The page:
The entire supply chain is affected by the E.U. Supply Chain Act including “prior and subsequent steps in the value chain,” according to logistics major DHL. Production, transport and disposal are all implicated.

Dr. Stefan Brandis, spokesperson for the German foundation Menschen für Menschen, asserted in an interview with German logistics newsmagazine Logistik Heute that the E.U.’s attitude has a “subtle colonial overtone” given that, for example, Ethiopian farmers with only sporadic access to electricity must now muddle through entering data for European product-origin tracing systems. Small farmers “would, ultimately, be locked out of the market, since big players can establish traceability much more easily when harvesting coffee from large plantations.”

Impact on Shipping

Shipping, too, is part of the “value chain.” Any time products subject to the E.U. Supply Chain Act are loaded or offloaded, “traceability” will follow the shipowner.

If a European shipping company loads cargo in a North African port, will it verify that stevedores pay their employees enough? What about harbormasters who ask for bribes? Whose job is it to root out forgeries? “Equality before the law,” another standard the E.U. Supply Chain Act is supposed to uphold, means such abuse can’t be tolerated.

To be fair, this is not the first paperwork hurdle that ocean shipping has overcome. As in the past, issuance of documents which verify whatever is demanded of the issuer will likely suddenly increase. Nobody wants to lose a customer. If the document has the correct stamps and signatures on it, isn’t that enough for any hardworking Brussels bureaucrat?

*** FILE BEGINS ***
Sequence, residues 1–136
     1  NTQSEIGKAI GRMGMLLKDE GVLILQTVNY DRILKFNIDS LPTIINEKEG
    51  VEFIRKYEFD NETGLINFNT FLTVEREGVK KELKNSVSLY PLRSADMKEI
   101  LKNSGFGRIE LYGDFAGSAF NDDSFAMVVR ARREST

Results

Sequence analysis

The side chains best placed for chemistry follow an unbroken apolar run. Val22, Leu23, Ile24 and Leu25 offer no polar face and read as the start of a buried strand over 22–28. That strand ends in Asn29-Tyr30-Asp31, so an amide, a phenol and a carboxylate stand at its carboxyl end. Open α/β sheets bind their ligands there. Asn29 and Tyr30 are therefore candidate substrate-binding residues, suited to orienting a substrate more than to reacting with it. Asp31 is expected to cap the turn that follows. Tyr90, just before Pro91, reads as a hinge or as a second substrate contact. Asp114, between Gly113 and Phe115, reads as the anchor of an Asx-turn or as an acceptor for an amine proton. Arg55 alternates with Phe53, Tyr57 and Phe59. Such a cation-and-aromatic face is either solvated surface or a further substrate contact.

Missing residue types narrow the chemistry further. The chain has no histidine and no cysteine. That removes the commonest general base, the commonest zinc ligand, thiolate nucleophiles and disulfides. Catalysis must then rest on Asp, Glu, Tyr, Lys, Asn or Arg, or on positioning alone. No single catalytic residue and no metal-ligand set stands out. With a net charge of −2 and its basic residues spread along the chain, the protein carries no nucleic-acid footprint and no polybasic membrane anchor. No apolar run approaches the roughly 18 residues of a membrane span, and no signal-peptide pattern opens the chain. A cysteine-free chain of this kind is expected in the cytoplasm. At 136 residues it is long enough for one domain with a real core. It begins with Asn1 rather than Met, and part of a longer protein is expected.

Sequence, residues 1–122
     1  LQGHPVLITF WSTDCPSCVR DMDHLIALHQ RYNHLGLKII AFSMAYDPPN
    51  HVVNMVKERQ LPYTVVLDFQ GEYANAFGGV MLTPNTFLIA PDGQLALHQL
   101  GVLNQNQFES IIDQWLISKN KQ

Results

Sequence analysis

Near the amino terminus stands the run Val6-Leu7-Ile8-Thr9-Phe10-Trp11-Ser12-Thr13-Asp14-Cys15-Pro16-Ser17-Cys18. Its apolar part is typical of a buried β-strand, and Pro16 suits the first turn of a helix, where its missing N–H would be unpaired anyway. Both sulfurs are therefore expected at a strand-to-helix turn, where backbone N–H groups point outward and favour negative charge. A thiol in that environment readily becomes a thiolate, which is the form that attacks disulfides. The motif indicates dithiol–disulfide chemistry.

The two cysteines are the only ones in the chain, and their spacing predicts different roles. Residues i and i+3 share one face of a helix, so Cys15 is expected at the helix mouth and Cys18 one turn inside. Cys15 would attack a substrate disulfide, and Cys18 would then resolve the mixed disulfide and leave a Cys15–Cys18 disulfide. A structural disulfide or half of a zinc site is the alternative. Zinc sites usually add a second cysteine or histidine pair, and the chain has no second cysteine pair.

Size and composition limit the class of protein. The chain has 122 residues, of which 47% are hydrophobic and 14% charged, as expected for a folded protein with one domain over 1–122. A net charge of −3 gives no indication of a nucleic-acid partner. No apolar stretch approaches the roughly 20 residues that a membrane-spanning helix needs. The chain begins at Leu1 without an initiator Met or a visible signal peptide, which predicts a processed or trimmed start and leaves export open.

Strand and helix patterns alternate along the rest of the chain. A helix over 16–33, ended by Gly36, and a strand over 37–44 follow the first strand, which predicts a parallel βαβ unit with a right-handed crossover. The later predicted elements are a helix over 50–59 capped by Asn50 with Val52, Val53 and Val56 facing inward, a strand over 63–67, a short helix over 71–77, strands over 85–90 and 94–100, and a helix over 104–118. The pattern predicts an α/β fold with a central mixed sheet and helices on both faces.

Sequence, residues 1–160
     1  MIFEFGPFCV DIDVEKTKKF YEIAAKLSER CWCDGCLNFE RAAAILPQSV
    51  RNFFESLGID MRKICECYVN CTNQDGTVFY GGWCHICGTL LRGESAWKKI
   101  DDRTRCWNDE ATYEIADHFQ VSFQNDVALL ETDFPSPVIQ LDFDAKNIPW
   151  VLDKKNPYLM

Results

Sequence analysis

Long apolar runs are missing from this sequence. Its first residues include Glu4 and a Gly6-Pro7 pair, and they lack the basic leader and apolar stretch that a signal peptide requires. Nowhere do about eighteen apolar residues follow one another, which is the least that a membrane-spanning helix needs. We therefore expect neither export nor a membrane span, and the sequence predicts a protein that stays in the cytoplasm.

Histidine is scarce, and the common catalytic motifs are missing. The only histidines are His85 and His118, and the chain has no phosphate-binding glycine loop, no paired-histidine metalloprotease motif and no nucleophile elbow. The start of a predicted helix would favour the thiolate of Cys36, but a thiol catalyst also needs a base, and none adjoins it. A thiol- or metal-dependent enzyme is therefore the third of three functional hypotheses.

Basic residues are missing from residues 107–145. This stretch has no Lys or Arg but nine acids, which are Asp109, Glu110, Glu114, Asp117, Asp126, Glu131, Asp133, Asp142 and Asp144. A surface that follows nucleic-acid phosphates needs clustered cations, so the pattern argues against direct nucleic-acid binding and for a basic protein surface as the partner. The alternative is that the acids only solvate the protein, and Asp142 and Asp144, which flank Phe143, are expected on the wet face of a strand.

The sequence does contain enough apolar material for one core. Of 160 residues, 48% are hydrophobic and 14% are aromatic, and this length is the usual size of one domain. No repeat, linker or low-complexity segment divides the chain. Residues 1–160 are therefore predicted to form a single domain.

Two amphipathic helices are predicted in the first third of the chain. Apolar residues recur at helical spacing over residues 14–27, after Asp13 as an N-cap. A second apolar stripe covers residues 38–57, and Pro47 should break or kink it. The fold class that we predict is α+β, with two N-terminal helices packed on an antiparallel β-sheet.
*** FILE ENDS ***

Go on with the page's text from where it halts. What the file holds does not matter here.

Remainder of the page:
But this legislation only has limited power in contending against reality. The world can be changed, it’s true, but doing so requires a lot of ground-pounding. A decree from the E.U. will not give relief to Nigerian child laborers or bind the hands of corrupt port officials.

The wheels of commerce will grind on. Consumers may feel better because of the illusion that the products they’re buying are now compliant with the new regulatory regime, but those who are, in fact, a part of the “value chain” will undoubtedly know better.

What’s more likely, after all? That there won’t be coffee on German supermarket shelves or that a few official-looking documents will be penned that quietly resolve this crisis?

Who’s Affected?

Are you curious if all of this applies to you? Don’t worry, it’s easy to figure out. If you’re a company with 250 or more employees and do 40 million euros of revenue in the E.U., then you must comply. Or if you’re a company outside the E.U. with 150 million euros of revenue of which 40 million is from the E.U. Or if you’re a small or medium-sized enterprise but you do business with one of the aforementioned companies – because, after all, even the weakest link in the “value chain” has got to help work toward a better world.

Still not sure? Fear not, one of your employees can call the Whistleblower Hotline that you, or the company that’s bigger than you, was required to set up. Or one of your other business partners up or down the supply chain can call. Given the high level of trust that exists in global shipping, I’m sure this would never be abused or used as leverage.

What about the EUDR? The E.U. helpfully supplies a clear answer: “There is no threshold volume or value of a relevant commodity or relevant product, including within processed products, below which the Regulation would not apply.” It applies to everybody.

Making the World a Better Place

All sarcasm aside, who wouldn’t want the world to be a better place? According to the Brookings Institution, 10 percent of the global population lived in poverty in 2015, down from 36 percent in 1990. We’re headed in the right direction.

Will the E.U. Supply Chain Act, the EUDR and the German Supply Chain Care Act get us to the promised land faster? Hang on – I’ll let you know once I’ve finished filling out these forms. 

The opinions expressed herein are the author's and not necessarily those of The Maritime Executive.